“It’s disappointing to learn that Mr. Chee’s family is left with the notion that his death is okay, no crime committed,” Gorman further stated.
The Navajo Nation Human Rights Commission is at dismayed by the quick ruling and acceptance of self defense. When a person’s life is taken the remaining family members deserve a full investigation.
As far as I'm concerned, this case nicely ties into the George Zimmerman and Michael Dunn cases, where a white man also shot a brown man for no good reason. In an interview, the author of Suspicion Nation: The Inside Story of the Trayvon Martin Injustice and Why We Continue to Repeat It makes some excellent points:
Zimmerman, Dunn and what went horribly wrong: Author Lisa Bloom talks to Salon
On how the police and prosecutors accept the white man's "Stand Your Ground" laws, and don't push back hard against them:
Many people ask me, do I think the prosecutors intentionally threw the [Trayvon Martin] case? And I don’t think that. I’m not a conspiracy theorist. I think the prosecutors wanted to win the case, but they didn’t believe that they had a winnable case. And remember, they didn’t want this case. This case is very different from every other case they had because 25 days went by and they didn’t charge Zimmerman with any crime. Why? Because they didn’t believe that there was a crime. They believed the self-defense story.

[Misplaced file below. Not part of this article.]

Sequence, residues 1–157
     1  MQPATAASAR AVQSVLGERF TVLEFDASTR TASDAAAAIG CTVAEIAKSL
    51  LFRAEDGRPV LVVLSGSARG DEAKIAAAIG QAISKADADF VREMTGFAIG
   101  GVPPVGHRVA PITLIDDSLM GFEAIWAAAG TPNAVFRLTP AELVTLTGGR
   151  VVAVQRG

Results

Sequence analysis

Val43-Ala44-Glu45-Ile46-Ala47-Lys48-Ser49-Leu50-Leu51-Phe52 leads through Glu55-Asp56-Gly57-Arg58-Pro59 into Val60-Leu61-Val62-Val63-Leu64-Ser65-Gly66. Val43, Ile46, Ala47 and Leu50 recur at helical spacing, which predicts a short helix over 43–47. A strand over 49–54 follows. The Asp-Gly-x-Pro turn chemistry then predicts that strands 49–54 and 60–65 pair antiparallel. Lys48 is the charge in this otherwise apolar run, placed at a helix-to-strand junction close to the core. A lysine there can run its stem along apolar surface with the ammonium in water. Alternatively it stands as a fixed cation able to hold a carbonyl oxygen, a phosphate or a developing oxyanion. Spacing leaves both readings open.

I think that’s a really perceptive comment and you’re absolutely right that dehumanizing is the key to discriminating against populations and making that OK, right? That’s why I wanted to really dig deeply down into that stereotype, which was the issue in the trial in the Trayvon Martin case and it was at issue in the Michael Dunn case. And just to talk about that for a brief moment: Michael Dunn shoots into a car of unarmed black kids, he says that he saw the gun, there was no gun, the kids never owned a gun, according to their families never touched a gun; witnesses rushed in and there was no gun that anybody saw except for Michael Dunn who saw the magical invisible gun.
That goes back to our suspicions and fears. Why do “stand your ground” laws start taking the nation by storm in 2005 and thereafter? Right? People have asked me was there some precipitating event? And I really know there wasn’t. There wasn’t a whole group of people who said, “Wow! I was in a violent altercation on the street, I extricated myself and retreated, according to the law, and I don’t like that, and now I’m going to go to my legislature and make sure the next time that I’ll be empowered to take a gun and shoot.” No one was saying that.